Weathering Grief

by Cheryl Jones

Archive for the category “Interfaith”

Revolutionary Act

orlando

The past few months, I’ve been struck dumb, collapsed by the weight of what Francis Weller calls the “sorrows of the world.” The best I could do most of the time was share stories other people were writing. I managed a brief comment on Good Grief, my radio show, after 49 people were killed at the Pulse club in Orlando and then silence captured me. What could I say to the unfolding of too many events to absorb, all of them pointing to the tremendous capacity of human beings to go cold and violent?

After the Pulse massacre, I flashed back to the years after I came out as a lesbian. I experienced many scary moments out in the world; verbal attacks on the street, threats to me or the women I was dating, frightening times when national politics centered on an anti-gay hate agenda. But clubs were the place we DIDN’T have to be afraid where, for a few hours, the biggest problem was whether anyone would ask us to dance. And suddenly, that would never be true again. All those young people looking to find a place to discover themselves and have fun and meet people who accept them would forever wonder if it’s safe to go.

THE DEATHS MOUNT

When just a few weeks later, one day after another, Alton Sterling and Philando Castile were shot dead by police officers further opening the gaping wound of too many of these killings to count, I was horrified, struck down, struck silent. They could have been my child, my wife, my friend. (Because I don’t live in a white-only world.) I understood why social media posts implored white people not to be silent, and yet all I could have said at that point was “NOOOOOOOOOOOOO.” Being measured in my speech in general, there was just nothing useful I could add. On my Facebook page, I found myself reposting one impassioned article after another, leaning on an eloquent community outraged by the losses. I was grateful that when I could not speak, others could.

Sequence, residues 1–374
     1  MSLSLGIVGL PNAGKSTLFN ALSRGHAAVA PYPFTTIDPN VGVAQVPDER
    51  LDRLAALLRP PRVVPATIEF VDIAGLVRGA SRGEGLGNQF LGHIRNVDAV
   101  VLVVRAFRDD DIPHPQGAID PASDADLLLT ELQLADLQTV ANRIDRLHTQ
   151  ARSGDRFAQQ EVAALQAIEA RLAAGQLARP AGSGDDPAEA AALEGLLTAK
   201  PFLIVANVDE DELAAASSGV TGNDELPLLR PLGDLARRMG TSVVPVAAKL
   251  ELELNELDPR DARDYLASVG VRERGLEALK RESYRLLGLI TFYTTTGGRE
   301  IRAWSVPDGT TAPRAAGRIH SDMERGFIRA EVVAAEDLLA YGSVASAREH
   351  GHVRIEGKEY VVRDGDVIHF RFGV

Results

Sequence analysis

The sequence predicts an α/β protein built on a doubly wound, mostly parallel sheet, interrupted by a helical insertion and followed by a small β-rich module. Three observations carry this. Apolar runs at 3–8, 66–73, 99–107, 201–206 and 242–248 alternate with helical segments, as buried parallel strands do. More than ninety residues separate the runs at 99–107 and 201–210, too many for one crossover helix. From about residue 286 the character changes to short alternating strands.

Then in Dallas and Baton Rouge, police officers were gunned down simply because they were police officers. I began to feel hopeless (not a usual thing for me). I started to wonder if things would just keep getting worse until the human community collapsed under its’ own weight.

Then Nice, a place my brother and his family have spent many summers visiting. A place for vacations and fun times, a place of beauty and good food and sun and surf. And now a place of such horrific violence that I have trouble, regardless of quite a good imagination, even picturing it. Families watching a parade, children on shoulders, babies in strollers. What does it take to drive the truck into that crowd, to somehow believe these are your enemies? I am glad I can’t imagine that.

What I knew all along but what has become more and more present for me is that the weight of our collective grief threatens to overcome our capacity as human beings. And perhaps for some, that has already happened. What part does denied grief play in our current political polarization? How many people are looking for someone to kill the bad guy, whoever they think that is, so that there will be no more losses? How does our collective sense of loss factor in to our level of fear and anger, or love and compassion?

MEMORIES TRIGGERED

I was 8 or so when a friend of my father’s, an artist from Germany, came to visit. At the dinner table, they spoke about the Holocaust, which I had never heard about. I had lots of questions when he left, which my parents answered honestly. I remember the horror I felt suddenly knowing there were human beings who had somehow justified killing millions of other human beings. I didn’t know how to put that together with my parents’ consistent message that people are basically good. I was to have more and more questions over the years, as John Kennedy, Malcolm X (who was gunned down a block from where I lived at the time), Martin Luther King, Robert Kennedy were all assassinated. I remember a point where the weight of all that began to turn me cold, make me wonder if maybe we just needed to destroy the world and start over. But I’m glad that the early message, “people are basically good,” won out.